The Department of Personnel Administration, which represents Gov. Jerry Brown in contract negotiations, has put out a press release on the deal reached this morning with the California Correctional Peace Officers Association:
Correctional officers agree to new contract
California's Department of Personnel Administration and the union representing State correctional officers have reached agreement on a new contract that, if ratified, generates immediate budget savings by requiring correctional officers to pay a greater share of their pension cost and take a day of unpaid leave each month for a year.
The Legislature and the California Correctional Peace Officers Association (CCPOA) must approve the agreement, which will run from April 1, 2011 to July 1, 2013. The last CCPOA contract expired in 2006. Negotiations for a new contract failed, and since 2007 the union has operated under imposed terms.
"The 30,000 members of CCPOA have been without a contract for three and a half years," said DPA Director Ron Yank. "It's about time they get an even-handed agreement that respects their difficult work and generates savings for the State. In particular, the changes in retirement funding we agreed to will help close the budget gap now."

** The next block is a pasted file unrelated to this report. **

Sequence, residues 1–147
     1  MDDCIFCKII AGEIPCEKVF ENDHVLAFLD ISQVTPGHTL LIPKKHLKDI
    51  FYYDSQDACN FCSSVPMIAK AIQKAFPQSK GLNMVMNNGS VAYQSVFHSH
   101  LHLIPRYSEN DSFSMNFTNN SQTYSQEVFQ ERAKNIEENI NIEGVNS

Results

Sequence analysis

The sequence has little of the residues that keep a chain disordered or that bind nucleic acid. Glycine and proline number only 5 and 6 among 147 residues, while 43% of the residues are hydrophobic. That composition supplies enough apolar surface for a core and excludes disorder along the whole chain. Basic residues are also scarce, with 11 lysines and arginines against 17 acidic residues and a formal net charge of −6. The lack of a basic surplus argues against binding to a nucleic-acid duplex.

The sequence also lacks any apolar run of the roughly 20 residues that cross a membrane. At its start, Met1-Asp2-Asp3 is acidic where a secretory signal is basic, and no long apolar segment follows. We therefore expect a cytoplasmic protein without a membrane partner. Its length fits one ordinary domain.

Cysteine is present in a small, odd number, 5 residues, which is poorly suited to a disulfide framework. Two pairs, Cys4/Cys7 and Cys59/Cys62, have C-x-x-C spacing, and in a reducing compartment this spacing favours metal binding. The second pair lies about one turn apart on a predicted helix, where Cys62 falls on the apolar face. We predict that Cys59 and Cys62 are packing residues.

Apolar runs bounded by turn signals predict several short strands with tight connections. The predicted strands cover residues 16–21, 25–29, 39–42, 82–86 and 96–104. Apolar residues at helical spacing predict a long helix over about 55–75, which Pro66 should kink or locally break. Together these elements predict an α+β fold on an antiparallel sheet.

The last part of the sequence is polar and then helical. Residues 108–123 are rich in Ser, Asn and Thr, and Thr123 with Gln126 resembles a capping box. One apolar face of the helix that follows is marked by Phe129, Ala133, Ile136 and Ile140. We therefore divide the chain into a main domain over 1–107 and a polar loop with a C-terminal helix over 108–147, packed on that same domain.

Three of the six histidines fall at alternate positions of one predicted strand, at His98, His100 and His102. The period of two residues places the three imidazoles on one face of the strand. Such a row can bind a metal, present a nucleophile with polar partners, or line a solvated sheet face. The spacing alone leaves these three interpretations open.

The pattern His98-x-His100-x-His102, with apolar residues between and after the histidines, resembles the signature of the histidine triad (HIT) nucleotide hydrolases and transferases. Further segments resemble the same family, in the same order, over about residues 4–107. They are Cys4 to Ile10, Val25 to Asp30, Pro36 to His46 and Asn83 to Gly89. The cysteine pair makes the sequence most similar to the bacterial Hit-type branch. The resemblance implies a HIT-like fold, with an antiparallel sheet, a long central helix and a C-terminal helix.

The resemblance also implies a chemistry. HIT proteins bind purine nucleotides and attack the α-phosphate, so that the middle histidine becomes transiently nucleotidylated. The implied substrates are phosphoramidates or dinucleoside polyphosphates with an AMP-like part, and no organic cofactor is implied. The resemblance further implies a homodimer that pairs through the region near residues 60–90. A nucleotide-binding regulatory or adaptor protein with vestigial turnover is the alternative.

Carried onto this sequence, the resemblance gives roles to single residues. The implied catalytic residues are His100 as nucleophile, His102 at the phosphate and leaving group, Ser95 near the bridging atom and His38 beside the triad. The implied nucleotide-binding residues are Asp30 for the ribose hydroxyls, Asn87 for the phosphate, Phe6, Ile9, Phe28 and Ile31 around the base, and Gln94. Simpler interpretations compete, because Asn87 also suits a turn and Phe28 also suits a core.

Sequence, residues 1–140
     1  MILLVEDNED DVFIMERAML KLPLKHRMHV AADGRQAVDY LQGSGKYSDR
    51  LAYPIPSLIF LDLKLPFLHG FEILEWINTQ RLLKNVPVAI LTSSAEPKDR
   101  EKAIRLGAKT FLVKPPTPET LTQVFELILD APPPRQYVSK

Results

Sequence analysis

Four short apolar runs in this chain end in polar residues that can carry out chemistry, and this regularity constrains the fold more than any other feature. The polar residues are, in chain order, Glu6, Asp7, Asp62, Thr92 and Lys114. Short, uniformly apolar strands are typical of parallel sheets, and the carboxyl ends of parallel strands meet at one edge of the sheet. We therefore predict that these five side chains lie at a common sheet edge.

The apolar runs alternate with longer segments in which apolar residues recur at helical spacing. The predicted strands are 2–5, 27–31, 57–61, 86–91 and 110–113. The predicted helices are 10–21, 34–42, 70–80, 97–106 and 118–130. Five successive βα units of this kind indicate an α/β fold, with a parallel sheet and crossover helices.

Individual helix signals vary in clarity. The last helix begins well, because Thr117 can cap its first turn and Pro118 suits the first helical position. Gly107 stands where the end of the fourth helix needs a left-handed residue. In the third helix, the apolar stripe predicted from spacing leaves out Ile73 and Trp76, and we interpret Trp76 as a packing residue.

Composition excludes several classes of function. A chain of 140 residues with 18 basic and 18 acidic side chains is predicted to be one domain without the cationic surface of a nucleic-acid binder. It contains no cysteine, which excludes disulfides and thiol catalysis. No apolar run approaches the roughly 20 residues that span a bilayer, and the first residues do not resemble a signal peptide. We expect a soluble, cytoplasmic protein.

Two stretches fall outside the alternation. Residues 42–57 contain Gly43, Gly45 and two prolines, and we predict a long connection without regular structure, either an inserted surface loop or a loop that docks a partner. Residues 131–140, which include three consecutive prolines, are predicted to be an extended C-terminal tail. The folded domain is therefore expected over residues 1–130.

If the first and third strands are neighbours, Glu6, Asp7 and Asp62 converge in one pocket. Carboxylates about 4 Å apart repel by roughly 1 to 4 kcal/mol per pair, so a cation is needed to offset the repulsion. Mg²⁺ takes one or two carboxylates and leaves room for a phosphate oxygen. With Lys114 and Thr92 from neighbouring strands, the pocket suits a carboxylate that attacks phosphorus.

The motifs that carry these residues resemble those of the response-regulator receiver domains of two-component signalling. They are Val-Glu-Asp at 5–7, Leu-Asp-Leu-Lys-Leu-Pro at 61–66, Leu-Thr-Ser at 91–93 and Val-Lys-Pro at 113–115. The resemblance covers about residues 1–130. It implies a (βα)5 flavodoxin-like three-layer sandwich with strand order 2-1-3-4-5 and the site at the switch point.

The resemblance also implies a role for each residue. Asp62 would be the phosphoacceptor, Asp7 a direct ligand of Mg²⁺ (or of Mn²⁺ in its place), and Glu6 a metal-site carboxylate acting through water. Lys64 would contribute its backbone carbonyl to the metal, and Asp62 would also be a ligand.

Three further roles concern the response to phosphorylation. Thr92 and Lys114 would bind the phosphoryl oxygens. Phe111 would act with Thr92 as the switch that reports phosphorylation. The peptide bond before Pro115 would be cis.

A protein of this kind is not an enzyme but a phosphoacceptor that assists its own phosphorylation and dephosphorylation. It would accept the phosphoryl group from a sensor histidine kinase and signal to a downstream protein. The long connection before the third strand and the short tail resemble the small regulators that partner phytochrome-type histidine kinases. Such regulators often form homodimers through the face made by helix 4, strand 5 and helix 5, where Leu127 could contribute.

Under the agreement, pension contributions for correctional officers will increase from 8 to 10 percent of pay. Correctional officers will take one day of unpaid leave each month for 12 months, starting the month after the agreement is reached. This will effectively reduce their pay by roughly 5 percent. During this time, the furlough program will end for these officers. The combination of unpaid leave and increased employee pension contributions reduces the employees' paycheck by 7 percent.
The employer health contribution, which has not been adjusted for CCPOA since 2006, will rise to current levels, creating a cost. In view of that, the union agreed to suspend State payments to the officers' defined contribution plans through January 2014. The State currently pays 2% of each officer's base salary into the plans, which resemble 401(k)s.
"Suspending payment to the defined contribution plans will easily cover half the cost of the increase health portion. It's our position that, in the area of health care, all employees should enjoy roughly the same benefit," said Ron Yank.